ISSN 1067-4136, Russian Journal of Ecology, 2016, Vol. 47, No. 5, pp. 514–517. © Pleiades Publishing, Ltd., 2016.
Original Russian Text © E.A. Snegin, A.A. Sychev, A.S. Shapovalov, 2016, published in Ekologiya, 2016, No. 5, pp. 396–400.
Estimating the Impact of Ungulates on Holocene Steppe Ecosystems
by Analyzing Repaired Injuries in Land Snail Shells
E. A. Snegin
*, A. A. Sychev
, and A. S. Shapovalov
Belgorod National Research University, ul. Pobedy 85, Belgorod, 308015 Russia
Belogorie State Nature Reserve, Monastyrskii per. 3, Borisovka, Belgorod oblast, 309342 Russia
Received April 22, 2015
Keywords: Holocene, steppe ecosystems, mollusks, repaired shells, ungulates
Reconstructions of environmental conditions of
the past epochs inevitably involves certain difficulties.
Paleoecologists in their research have to rely on indi-
cators indirectly characterizing the effects of factor of
different nature in the past. In this study we propose a
method for estimating the impact of ungulates on
Holocene steppe ecosystems by analyzing repaired
injuries in fossil shells of the land snail Helicopsis stri-
ata Müller. This species belongs to the Mediterranean
group of relict xerophilic mollusks (Nikolaev, 1973;
Snegin, 202). Its present-day range includes western
and central Europe and the southern part of eastern
Europe to th Don River (Shileiko, 1978).
Or studies were performed in the south of the Cen-
tral Russian Plain, where these snails live on sun-
warmed slopes of ravines with chalk soils and often
concentrate in relict plant communities. They have a
slightly compressed turbinate shell of medium size. In
the study region, its large diameter reaches 12–15 mm,
and height, 8–11 mm (Snegin, 2004; Snegin and
Sychev, 2011). Empty shells of dead snails accumulate
in their habitats over many years, which makes it pos-
sible to collect representative samples for analyzing
variation in conchological traits. Moreover, these shells
are well preserved in soil deposits and therefore can be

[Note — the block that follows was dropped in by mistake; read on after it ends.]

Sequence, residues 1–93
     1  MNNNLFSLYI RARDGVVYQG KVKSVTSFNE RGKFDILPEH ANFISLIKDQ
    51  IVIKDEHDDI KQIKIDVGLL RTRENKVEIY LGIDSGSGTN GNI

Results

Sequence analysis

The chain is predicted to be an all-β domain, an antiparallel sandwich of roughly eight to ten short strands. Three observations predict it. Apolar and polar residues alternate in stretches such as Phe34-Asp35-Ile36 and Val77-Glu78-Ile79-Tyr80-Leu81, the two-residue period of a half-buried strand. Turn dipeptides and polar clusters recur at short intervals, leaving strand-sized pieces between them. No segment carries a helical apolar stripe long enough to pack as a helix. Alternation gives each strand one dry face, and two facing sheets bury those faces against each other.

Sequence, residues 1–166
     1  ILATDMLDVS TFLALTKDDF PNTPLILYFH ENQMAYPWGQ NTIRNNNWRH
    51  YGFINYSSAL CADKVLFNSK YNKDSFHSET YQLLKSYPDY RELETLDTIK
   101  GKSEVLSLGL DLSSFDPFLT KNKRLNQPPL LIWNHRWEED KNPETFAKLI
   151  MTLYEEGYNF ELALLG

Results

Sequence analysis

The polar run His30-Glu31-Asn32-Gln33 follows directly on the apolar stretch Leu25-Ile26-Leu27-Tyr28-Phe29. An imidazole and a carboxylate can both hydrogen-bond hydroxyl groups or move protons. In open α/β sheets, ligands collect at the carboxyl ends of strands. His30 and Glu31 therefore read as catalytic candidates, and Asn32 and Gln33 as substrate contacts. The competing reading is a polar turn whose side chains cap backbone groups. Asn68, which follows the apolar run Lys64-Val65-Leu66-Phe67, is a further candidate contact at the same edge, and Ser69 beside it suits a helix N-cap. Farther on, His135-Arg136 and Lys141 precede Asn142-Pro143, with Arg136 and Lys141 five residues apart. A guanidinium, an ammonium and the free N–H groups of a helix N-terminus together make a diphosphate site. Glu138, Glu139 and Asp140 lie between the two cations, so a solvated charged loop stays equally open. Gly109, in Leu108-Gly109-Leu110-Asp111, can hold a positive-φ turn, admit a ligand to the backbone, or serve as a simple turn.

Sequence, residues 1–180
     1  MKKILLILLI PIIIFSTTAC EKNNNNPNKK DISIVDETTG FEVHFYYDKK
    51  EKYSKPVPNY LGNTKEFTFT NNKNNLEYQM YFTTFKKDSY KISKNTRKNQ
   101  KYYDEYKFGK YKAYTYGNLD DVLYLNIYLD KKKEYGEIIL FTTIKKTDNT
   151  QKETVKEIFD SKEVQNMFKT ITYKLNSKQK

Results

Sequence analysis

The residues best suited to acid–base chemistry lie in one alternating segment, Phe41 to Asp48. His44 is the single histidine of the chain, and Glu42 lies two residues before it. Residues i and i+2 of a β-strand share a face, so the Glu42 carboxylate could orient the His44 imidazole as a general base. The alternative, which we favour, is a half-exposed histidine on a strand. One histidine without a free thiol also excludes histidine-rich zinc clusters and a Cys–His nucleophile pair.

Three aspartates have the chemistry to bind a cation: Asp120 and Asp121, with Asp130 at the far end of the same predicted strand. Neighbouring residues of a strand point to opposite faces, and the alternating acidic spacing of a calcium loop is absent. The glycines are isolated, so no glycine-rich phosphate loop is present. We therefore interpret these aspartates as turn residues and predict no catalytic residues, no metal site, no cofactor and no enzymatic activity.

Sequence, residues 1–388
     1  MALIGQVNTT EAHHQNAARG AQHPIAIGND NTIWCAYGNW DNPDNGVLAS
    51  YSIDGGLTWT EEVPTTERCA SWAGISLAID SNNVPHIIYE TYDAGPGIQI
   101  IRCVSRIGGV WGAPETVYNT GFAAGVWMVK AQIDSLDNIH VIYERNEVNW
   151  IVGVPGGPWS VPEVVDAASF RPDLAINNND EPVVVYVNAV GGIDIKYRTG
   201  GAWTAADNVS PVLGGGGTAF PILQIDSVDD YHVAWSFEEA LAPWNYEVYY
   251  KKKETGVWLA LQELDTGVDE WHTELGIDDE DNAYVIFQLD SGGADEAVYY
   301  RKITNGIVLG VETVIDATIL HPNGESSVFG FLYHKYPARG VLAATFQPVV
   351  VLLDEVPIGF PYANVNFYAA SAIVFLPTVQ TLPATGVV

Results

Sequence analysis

used to reconstruct paleoecological conditions in the
European Pleistocene and Holocene ecosystems
(Sparks, 1953; Lozek, 1964; Markovic et al., 2007).
In 2012, a soil pit was excavated at the mouth of
Veshnyaki ravine in the Yamskaya Step site of the
Belogorie State Nature Reserve ((51°10′31.26″ N,
37°37′30.28″ E). In the course of integrated analysis of
paleosols, fragments of snail shells were collected,
which concentrated in the 230- to 250-см horizon.
Radiocarbon dating of soil humus in the Kiev Radio-
carbon Laboratory (Ukraine) showed that the age of
this horizon is 3290 ± 90 years (Ki-17953), which cor-
responds to the late Subboreal period of the Holocene.
A total of 34 H. striata shells were collected from
191.35 kg of soil. They included specimens with intra-
vital injuries that the mollusk could repair and con-
tinue growing (Sychev, 2013). In particular, these were
cracks resulting from accidental mechanical impact
(compression). Such shells were characterized by dif-
ferent orientation of riblet sculpture before and after
injury and deviations from the initial geometry and
growth direction. Similar injuries and disturbances
were also noted in recent shells.
In steppe ecosystems, ungulates are most likely to
be responsible for such injuries. The point is that the
shell of H. striata is thick-walled and fairly durable,
and cracks in it probably appeared after a blow with a
hard object, such as a hoof. According to available
data, injuries inflicted by small birds have a different
pattern, looking like local shearing cuts.
Predatory beetles and rodents feeding on snails
leave specific traces of gnawing through the shell from
the apertural side, which are sometimes difficult to
distinguish from accidental mechanical damage after
the death of the snail
(Fig. 3). Moreover, the proba-
bility of snail survival and shell repair after a targeted
attack by a predator is low.
Recent forest–steppe ecosystems of the study
region are permanently inhabited only by two wild
ungulate species, roe deer (Capreolus сapreolus) and
wild boar (Sus scrofa). However, some areas populated
by H. striata, are used for cattle grazing, and the
impact of cattle on herbaceous vegetation is similar to
Large birds usually ingest such snails together with the shell.
The recent entomofauna of the study region includes one snail-
eating ground beetle species, Licinus cassideus Fabricius, 1792
(Carabidae), which lives mainly in steppificated biotopes and
xerophilic meadows. This beetle gnaws through the shell with
the jaws, starting from the apertural side and reaching snail’s
soft tissues, but it can only cope with relatively thin shells of
young snails. However, it cannot be excluded that steppe ecosys-
tems in the past were inhabited by beetles of other species that
could overcome adult snails.